Casablanca is right on the Atlantic Ocean, so as soon as you leave the Hassan II Mosque, why not go for a stroll on the beach? You’ll find a lot of locals walking along beside you, so you can tell yourself you’re being a traveler not a tourist. And if you feel like plopping your tourist cap right back on your head, you can take out your camera and snap some amazing photos of the Hassan II Mosque.

24 Hours in Casablanca

But the one thing I want to know is that in the movie Casablanca, they say there are no waters in Casablanca because it’s in the desert. But Casablanca is on the coast! It is completely surrounded by water. Did Humphrey Bogart lie to me? NOOOOOOO!

24 Hours in Casablanca
2) Getting snacky at the Place des Nations-Unies

If you like street food, the Place Des Nations-Unis is the place for you. And any intrepid street food junkies out there have to eat Morocco’s greatest street meat delicacy, snails. The street vendors cook the snails gently in a fragrant and spicy broth. When you place an order, you get a bowl full of S and S. (Soup and snails.)

First you eat the chewy meat out of the snails with a little fork. (The only taste you get will be the fiery taste of the soup.) Then you put your face to the bowl and slurp up the soup. Finally, just plop the bowl back down with the vendor.

The best part of this experience was tasting the many different flavor combinations in the soup, the second best was eating something so unusual, and the third best was eating street food out of a china bowl. I’ve eaten plenty of dirty water dogs in my day and they never give you china.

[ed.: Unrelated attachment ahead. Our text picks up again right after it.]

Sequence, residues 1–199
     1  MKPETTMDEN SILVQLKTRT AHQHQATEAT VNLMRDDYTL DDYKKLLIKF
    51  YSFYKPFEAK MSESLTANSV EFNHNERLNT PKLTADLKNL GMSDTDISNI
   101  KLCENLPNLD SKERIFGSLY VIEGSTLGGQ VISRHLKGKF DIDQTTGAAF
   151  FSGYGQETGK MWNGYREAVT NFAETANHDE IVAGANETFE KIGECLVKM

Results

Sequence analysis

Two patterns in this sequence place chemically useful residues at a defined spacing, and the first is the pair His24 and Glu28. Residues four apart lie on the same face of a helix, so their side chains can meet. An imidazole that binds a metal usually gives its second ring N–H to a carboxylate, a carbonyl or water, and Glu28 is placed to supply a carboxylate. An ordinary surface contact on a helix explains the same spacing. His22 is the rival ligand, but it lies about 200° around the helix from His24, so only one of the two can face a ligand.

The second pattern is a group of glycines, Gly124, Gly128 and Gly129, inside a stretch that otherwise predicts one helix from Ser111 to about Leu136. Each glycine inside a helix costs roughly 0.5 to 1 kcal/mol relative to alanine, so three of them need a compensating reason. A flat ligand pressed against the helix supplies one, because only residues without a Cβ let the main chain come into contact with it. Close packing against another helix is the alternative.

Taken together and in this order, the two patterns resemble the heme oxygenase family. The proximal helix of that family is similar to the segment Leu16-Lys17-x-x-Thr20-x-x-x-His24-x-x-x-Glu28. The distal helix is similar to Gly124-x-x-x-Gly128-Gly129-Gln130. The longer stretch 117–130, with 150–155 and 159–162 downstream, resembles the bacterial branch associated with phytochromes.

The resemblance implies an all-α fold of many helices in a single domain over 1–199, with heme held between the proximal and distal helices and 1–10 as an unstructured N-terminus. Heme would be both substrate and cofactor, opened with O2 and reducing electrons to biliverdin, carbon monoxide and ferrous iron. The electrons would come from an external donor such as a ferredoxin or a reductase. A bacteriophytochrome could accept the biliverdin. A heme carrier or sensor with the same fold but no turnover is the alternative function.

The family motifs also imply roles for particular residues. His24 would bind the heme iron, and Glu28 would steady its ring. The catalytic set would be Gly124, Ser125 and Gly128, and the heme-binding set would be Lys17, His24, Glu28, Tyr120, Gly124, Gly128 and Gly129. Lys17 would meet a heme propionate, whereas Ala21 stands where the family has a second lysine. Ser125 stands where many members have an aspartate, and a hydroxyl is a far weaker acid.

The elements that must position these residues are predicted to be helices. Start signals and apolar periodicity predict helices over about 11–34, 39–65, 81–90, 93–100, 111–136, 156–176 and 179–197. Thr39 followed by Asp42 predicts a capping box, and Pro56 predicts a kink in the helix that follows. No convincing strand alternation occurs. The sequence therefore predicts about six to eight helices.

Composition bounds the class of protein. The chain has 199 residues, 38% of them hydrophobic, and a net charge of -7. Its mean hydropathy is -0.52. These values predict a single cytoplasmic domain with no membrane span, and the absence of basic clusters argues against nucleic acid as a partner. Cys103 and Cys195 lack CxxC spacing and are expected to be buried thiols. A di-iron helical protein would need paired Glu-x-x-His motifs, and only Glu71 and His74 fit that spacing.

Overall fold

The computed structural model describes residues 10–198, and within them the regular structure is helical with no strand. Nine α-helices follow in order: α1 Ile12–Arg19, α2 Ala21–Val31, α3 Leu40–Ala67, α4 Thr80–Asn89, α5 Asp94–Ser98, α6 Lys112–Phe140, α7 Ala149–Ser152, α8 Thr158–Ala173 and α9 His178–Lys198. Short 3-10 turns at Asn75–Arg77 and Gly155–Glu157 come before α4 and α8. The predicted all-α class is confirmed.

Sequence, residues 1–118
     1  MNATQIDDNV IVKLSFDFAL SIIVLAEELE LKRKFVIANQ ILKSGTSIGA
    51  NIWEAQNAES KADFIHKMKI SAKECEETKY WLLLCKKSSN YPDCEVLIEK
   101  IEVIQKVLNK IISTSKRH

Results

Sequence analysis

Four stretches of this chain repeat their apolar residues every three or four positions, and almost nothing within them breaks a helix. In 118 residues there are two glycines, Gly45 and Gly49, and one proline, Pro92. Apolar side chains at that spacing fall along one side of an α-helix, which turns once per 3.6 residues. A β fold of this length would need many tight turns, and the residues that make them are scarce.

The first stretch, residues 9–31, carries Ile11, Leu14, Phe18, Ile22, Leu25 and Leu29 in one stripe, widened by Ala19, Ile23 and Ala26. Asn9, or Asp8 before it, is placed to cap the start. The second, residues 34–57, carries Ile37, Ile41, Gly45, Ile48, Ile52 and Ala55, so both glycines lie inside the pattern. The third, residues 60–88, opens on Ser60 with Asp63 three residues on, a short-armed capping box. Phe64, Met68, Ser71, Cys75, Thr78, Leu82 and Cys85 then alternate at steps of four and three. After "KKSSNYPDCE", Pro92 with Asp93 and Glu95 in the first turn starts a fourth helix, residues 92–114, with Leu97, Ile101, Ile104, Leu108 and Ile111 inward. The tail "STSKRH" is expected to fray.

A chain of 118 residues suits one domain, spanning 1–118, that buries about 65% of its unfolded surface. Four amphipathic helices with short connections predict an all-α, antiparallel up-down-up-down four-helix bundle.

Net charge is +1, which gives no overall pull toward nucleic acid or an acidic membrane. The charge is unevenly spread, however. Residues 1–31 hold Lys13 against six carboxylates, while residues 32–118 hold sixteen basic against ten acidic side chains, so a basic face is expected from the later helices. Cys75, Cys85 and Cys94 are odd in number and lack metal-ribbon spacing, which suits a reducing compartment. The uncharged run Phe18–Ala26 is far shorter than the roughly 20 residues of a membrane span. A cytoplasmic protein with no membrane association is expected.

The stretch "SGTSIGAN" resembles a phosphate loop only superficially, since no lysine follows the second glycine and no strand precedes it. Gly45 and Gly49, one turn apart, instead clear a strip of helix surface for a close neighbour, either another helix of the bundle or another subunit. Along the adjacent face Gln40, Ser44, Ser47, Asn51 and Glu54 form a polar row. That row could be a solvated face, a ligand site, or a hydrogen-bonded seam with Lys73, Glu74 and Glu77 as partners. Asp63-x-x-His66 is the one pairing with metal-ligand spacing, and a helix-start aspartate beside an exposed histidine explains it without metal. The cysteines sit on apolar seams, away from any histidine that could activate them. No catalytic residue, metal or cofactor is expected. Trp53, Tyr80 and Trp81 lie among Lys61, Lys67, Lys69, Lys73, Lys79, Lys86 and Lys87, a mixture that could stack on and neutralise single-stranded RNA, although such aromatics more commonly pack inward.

24 Hours in Casablanca
24 hour treat: cane juice

For those with a sweet tooth, like me, don’t pass up the opportunity to suck on some cane. There are vendors with giant traveling juicing machines who will frappe up a piece of sugar cane right in front of you. The result is literally sugar juice, yet it still feels healthier than having a soda.

24 Hours in Casablanca

If you need something more substantial and are terrified of snails, join the locals in getting a fresh lamb shawarma on the Place des Nations-Unies. Casablanca is a fairly francophone city, so I chose to communicate in French here instead of English. But I think you could still make yourself understood enough to order a shawarma. Get it to go and you can watch the street performers in the Place des Nations-Unies while you dine.

If you’re like me, you’ll probably also have an old weirdo try to chat you up. Just pretend to only speak Japanese until he goes away. That’s my go-to move.

24 Hours in Casablanca
3) Exploring the Medina

Casablanca’s medina (Old Town) isn’t as famous as the medina of Fez or Marrakech, but it’s definitely still worth spending some of your 24 hours in Casablanca here. As with any medina, the fun part is just to get lost and enjoy yourself. (But don’t get so lost that you are stuck in the medina confused and alone at night. I don’t want you to sue me for giving you dangerous advice, Internet Stranger!)